Been wondering about getting with Medicare Part D because it’s gotten so bad.
      Insurance woes……

    • Anonymous
      June 16, 2011 at 8:41 pm

      I am on straight medicare no supplements(due to my age) I receive IVIG two times a week every week and have been for awhile. My doctor went to the drug manufacturer to see if they would decrease the cost for me and he donates his time and the facility. I still pay something but it is somewhat affordable now. (cant tell you exactly because my mom handles my finances) U should check with your nuero and or infusion center to see if they have any programs to help. I was also told that Medicaid would kick in after a while and would depend on the bills i incurred. With the doctor doing what he did i dont need medicaid just my medicare. do you have a social worker? You may wont to look into that as well they can navigate the system for you and help you with questions.

    • Anonymous
      June 16, 2011 at 9:45 pm

      The bottom line is IVIG is expensive & private insurance companies don’t like it. I am not the first person to be denied coverage for some insidious reason. Right now I am getting my needed infusions but wonder when I’ll have to fight my insurance company again.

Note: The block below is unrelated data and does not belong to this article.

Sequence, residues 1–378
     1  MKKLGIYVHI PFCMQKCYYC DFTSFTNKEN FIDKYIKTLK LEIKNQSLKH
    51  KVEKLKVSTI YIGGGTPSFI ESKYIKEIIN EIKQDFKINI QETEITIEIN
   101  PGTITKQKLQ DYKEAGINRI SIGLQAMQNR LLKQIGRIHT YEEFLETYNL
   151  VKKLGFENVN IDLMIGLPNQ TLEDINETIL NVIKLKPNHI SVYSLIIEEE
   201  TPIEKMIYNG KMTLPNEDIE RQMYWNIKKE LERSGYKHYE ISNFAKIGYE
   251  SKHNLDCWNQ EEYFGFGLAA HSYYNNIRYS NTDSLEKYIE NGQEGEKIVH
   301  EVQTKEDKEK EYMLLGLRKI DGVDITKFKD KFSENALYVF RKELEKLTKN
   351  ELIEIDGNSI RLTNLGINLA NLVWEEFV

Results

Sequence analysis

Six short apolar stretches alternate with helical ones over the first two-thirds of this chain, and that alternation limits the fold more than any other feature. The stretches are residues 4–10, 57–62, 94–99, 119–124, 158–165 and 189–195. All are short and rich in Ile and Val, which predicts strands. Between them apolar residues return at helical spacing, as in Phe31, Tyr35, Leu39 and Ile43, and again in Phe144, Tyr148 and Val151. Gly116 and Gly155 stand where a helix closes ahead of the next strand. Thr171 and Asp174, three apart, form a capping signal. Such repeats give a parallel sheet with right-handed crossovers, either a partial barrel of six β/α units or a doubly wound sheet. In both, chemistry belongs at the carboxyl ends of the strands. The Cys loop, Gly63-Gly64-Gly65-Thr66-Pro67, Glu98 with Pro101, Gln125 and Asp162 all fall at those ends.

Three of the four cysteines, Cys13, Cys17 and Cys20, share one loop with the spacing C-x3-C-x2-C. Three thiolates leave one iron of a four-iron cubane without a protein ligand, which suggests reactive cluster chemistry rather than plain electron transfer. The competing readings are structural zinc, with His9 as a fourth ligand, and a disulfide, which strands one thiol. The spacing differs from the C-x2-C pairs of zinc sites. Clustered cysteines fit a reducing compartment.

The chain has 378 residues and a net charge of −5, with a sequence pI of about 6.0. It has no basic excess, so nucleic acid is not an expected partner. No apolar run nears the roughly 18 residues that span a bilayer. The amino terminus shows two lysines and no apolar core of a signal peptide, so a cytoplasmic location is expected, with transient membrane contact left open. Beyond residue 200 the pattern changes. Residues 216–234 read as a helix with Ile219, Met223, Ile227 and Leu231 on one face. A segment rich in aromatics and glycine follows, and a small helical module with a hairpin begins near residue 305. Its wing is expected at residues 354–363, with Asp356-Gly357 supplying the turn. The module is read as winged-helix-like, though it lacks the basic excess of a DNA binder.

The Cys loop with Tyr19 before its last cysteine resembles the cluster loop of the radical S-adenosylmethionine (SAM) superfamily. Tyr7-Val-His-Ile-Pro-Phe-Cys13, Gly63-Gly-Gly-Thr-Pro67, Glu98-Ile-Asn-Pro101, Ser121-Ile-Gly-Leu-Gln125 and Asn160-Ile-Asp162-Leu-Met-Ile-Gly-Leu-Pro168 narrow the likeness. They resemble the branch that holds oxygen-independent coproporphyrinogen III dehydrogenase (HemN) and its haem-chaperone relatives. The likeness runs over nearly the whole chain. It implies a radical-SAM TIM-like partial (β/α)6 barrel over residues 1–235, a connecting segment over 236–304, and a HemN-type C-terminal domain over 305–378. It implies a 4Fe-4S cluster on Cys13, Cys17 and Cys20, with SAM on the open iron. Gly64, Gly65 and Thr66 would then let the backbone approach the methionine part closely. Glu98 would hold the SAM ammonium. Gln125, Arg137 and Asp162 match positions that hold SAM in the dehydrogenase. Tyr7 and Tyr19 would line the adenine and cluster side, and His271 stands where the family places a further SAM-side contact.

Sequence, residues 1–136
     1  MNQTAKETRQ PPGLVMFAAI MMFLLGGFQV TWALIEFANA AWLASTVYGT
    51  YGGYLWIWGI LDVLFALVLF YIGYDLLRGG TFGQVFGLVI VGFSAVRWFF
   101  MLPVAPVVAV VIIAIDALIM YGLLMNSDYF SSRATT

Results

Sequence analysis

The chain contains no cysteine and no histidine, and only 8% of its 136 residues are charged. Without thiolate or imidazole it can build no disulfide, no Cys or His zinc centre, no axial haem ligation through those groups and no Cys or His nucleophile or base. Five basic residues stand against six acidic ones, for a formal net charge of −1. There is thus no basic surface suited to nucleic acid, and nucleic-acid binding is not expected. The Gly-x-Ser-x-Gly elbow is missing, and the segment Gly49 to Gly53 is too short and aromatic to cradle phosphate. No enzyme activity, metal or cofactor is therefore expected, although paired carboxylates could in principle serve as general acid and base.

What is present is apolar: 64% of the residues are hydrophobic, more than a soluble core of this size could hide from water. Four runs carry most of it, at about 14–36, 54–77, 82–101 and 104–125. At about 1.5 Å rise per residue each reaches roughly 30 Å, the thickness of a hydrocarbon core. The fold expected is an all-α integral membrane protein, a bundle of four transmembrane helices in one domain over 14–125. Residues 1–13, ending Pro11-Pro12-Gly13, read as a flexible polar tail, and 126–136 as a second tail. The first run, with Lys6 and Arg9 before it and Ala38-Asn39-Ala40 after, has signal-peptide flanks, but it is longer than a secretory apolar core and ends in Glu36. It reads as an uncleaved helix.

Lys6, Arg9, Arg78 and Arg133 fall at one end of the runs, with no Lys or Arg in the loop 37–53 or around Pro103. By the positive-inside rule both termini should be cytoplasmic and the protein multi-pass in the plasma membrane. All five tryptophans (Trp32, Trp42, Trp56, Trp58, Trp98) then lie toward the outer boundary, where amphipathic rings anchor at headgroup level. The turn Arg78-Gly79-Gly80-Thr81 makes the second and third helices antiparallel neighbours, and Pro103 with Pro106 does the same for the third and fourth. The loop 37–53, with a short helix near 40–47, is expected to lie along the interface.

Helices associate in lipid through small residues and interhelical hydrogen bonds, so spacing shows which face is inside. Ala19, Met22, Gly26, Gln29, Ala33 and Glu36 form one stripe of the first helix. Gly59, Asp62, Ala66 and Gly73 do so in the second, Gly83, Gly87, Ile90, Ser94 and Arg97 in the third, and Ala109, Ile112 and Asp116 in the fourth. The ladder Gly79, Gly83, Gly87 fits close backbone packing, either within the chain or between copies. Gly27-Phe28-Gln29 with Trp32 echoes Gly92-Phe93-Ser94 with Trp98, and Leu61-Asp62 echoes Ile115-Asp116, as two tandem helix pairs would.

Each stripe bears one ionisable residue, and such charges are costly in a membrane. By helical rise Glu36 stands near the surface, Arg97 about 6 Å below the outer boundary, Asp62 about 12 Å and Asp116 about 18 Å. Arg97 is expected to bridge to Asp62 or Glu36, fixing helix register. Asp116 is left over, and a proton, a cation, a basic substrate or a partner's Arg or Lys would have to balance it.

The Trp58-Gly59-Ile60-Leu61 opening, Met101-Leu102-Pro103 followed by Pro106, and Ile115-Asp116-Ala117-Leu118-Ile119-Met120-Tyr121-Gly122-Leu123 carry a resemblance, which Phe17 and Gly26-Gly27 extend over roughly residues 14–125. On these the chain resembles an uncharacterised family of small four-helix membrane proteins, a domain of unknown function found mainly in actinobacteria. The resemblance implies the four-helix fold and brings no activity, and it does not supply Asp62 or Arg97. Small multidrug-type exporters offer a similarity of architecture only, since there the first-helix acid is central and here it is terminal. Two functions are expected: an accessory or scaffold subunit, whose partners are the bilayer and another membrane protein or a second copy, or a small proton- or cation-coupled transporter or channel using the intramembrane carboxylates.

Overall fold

IVIg and Medicare

    • Anonymous
      December 12, 2008 at 10:45 am

      I recently became eligible for Medicare and want to be sure that under Part B it will pay for my infusions. I currently am covered under my wife’s employer insurance and have had no trouble having my infusions paid for. If Medicare will cover it I may cancel the private plan. Anyone have experience with medicare?

    • December 12, 2008 at 6:34 pm

      I have been getting IVIG for 9 years with medicare. I think it must be done as an outpatient in a hospital for medicare to pay. Only once has medicare bounced it and I think the hospital had miscoded the claim. I guess medicare has paid for aproximately 200 IVIG for me.

      Good luck. Hope this helps.

    • Anonymous
      December 13, 2008 at 3:47 am

      your part D provider will pay for it

      i use sterling for part d and theyre pretty good

      check the medicare database for the best part d provider for your prescription needs